Audio Transcript:

Marco Werman: In many parts of Africa high tech is a distraction from the natural wonders in your midst anyway. We're going to Namibia now where we'll find the extraordinary Black Rhinoceros. If it weren't so dangerous you could just watch the rhino for hours. Writer Rick Bass left the comfort of his home in Montana and headed to Namibia's vast Namib Desert to see the Black Rhino for himself and to find out more about how Namibia protects the species. His account of it is the Black Rhinos of Namibia: Searching for Survivors in the African Desert, Bass did see a Black Rhino, a mother and her baby.

Rick Bass: We were hiding we thought safely watching her from several miles and she just came straight to us. We had the wind in our favor, it was inexplicable why she came to us. So we weren't hiding right on her watering hole, we were just out in the middle of this Mars-like desert, and she just came all the way to us, you know, within 30"², just point blank. And then you know, they have very bad eyesight, but they have really good sense of hearing and smell, and she finally got so close she could even smell us upwind and she did not like it. It was a really tense

Werman: Did she turn and run away or charge

Bass: She pawed, yeah, she pawed and grunted and blasted this bizarre geyser of urine, which I didn't know they did, straight into the sky, like Old Faithful or something. And her baby was with her and her baby was freaking out and so she turned and went back to her baby and they ran off, but she was not happy to be just out for a stroll and to walk right up on us.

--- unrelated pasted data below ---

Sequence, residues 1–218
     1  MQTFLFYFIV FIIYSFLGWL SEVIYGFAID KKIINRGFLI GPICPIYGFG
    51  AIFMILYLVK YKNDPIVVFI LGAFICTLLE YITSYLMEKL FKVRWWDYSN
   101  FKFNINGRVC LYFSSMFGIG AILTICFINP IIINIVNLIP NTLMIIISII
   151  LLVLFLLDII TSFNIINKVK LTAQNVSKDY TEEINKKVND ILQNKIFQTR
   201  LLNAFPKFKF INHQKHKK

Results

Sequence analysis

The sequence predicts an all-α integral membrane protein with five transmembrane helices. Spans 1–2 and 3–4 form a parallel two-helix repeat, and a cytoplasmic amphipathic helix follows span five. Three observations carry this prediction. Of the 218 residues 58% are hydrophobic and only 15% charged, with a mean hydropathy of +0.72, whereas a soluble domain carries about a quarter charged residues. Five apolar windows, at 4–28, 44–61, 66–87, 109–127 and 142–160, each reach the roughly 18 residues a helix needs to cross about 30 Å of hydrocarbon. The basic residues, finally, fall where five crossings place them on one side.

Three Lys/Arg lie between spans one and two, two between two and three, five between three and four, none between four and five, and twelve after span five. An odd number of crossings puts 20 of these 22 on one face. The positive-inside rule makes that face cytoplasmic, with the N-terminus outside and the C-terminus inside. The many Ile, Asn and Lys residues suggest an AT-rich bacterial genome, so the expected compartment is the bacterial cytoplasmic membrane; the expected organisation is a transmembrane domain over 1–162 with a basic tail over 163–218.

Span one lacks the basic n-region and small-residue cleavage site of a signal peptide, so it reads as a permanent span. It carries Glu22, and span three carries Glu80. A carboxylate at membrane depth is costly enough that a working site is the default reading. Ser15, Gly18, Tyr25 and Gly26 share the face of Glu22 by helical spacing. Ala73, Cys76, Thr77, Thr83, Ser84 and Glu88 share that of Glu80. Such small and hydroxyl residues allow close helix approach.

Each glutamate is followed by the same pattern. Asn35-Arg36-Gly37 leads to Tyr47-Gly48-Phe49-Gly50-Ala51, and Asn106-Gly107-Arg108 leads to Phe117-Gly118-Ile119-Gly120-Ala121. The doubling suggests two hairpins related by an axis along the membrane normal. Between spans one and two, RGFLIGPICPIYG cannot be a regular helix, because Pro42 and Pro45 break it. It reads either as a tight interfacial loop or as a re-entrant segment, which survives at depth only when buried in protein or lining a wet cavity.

Werman: So it seems like Namibia was able to turn this decreasing population of rhinos around. I mean are there lessons from Namibia that could be applied elsewhere in Africa?

Bass: Yeah, no, I think so and what's interesting to me is Africa is kind of a leader, Namibia is kind of a leader in this conservation model. One of the interesting things that these groups did, most notably, Save the Rhino Trust, was to go out and hire poachers to protect the rhinos and pay them more to walk around collecting data on the rhinos and protecting them than to, than they would get killing them and sawing the horns off. So that was a large turn. Subsequently, over the decades there has built up a culture in these communities of oh, the rhinos are good for our economy, they bring people in to look at them, we want to protect them. So that's a really important distinction as well. Now people are just being paid to protect rhinos, they want to protect the rhinos.

Werman: What's the attitude of these former poachers who are now guarding the rhinos toward the actual poachers who are working now?

Bass: Well, I mean what I'm not being clear about here is how desperately poor the villages are. There's not the luxury of moral judgements. If there's a poacher coming in to kill a rhino, that's the same as the poacher coming in to take away the guards' livelihood. That's a bad situation for both and vice versa. It's quite a different dynamic. You know, it's a cliche to say that every day is a struggle to survive. It's you know, I don't think it's even broken down into days, but rather portions of days, you know, morning, noon and night. It's a tough go out there. Water limited, I mean the Namib Desert, it is one of the driest places on earth and it's, people have lived there a long time, but it's never been easy and it never will be.

Werman: Rick, thank you very much. Good to speak with you.

Bass: You too, thanks again.